Marta Díez Asensio - Creació d’una xarxa neuronal artificial per a la detecció de quatre malalties pulmonars

Institut Josep Lladonosa – Lleida (2 bat)
In November, the Pan American Health Organization (PAHO), on the occasion of the celebration of the International Day of Radiology published the following headline: “Two-thirds of the world’s population does not have access to diagnostic imaging” and continued “Between 70% and 80% of diagnostic problems can be solved through the basic use of X-ray and/or ultrasound examinations”. Given the important statistics supported by the headline, I proceeded to read the article. Firstly, the technical details of the statistics studied were presented, which showed that the most affected countries were South America, South Africa and some Asian countries. And then, at the bottom of the publication, a study carried out by Swiss researchers was mentioned. These researchers presented a medical radiology device adapted to the economic and environmental conditions of the affected countries. These devices would facilitate the implementation of medical resources in underdeveloped countries. In this research, a deep convolutional neural network is constructed for the diagnosis of four lung diseases (edema, tumor, cardiomegaly and pneumothorax). The model is designed to analyze X-ray images produced by the radiological medical device mentioned before. To do this I study the physical characteristics of these devices and add to the AI model the specifications needed which will be responsible for producing a medical diagnosis by analyzing these images. To make the model I use the Chest X-ray 8 database. This dataset contains about 100,000 X-ray images of 32,000 different patients. For the verification of the results the results produced by the deep convolutional neural network, the diagnosis made by three expert radiologists are compared with the modelo. In addition, by means of ROC curve measurements, the area under the ROC curve and the implementation of heat maps, the program predicts a CI (confidence interval) which acts as an indicator of the veracity of the model. The results obtained by this model are highly satisfactory. It is estimated that they are 95% correct in the diagnosis of the four diseases studied.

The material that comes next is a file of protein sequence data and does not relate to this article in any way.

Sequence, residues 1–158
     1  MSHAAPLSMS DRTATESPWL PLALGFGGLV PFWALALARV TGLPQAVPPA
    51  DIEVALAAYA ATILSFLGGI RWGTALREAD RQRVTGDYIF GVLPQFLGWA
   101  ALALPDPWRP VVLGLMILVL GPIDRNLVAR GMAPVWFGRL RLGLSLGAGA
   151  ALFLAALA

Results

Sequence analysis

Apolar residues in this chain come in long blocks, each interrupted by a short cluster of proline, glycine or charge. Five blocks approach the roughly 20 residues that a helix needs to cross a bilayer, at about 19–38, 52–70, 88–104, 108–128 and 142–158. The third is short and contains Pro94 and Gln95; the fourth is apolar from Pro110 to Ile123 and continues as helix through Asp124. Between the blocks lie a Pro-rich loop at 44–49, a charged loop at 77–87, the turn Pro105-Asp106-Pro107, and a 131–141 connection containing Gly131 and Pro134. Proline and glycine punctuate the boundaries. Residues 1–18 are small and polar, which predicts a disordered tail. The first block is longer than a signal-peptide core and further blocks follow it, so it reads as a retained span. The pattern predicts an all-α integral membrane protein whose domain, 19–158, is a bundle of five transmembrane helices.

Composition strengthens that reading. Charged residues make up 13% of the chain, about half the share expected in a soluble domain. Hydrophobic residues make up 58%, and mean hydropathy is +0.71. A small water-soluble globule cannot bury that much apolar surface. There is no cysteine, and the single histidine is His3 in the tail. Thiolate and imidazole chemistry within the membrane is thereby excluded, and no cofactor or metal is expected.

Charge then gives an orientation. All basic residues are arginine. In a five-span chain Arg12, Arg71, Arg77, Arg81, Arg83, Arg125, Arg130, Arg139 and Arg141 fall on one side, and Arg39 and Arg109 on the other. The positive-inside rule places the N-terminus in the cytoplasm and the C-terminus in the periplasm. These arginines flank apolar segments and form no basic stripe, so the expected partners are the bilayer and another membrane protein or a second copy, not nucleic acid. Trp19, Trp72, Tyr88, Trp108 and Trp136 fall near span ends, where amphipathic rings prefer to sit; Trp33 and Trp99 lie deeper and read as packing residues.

Ariadna García Zaera - Build your own Michelson Interferometer

Institut de l’Arboç – L’Arboç (2 bat)
Tutora: Sònia Pérez Mendez
The project presents all the steps to build an interferometer similar to the one used by A. A. Michelson to determine the speed of the Earth relative to the ether.
As an optical part we used: two mirrors, a beam splitter or a half-silvered mirror, a converging lens (f’ = 15 mm), a divergent lens (f ‘= -50 mm) and a green laser.